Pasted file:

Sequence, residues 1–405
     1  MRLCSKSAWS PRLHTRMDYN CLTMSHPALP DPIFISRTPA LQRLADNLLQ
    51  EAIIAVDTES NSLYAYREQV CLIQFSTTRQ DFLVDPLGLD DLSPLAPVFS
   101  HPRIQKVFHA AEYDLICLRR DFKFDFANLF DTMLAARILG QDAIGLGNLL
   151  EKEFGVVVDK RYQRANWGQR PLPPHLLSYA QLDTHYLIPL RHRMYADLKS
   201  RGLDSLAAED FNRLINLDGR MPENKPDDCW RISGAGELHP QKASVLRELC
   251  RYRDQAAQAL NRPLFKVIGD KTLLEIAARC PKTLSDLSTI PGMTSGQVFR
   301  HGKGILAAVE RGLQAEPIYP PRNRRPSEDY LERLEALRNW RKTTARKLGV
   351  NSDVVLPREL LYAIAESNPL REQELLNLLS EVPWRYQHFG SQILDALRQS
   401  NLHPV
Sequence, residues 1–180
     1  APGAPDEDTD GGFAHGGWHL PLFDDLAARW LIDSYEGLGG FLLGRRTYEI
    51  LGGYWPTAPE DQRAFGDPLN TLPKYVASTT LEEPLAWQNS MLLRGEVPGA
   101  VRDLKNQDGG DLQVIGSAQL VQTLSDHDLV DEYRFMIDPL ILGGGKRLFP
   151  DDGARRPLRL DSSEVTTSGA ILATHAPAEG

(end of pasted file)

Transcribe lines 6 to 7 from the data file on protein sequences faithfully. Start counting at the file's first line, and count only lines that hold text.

   201  RGLDSLAAED FNRLINLDGR MPENKPDDCW RISGAGELHP QKASVLRELC
   251  RYRDQAAQAL NRPLFKVIGD KTLLEIAARC PKTLSDLSTI PGMTSGQVFR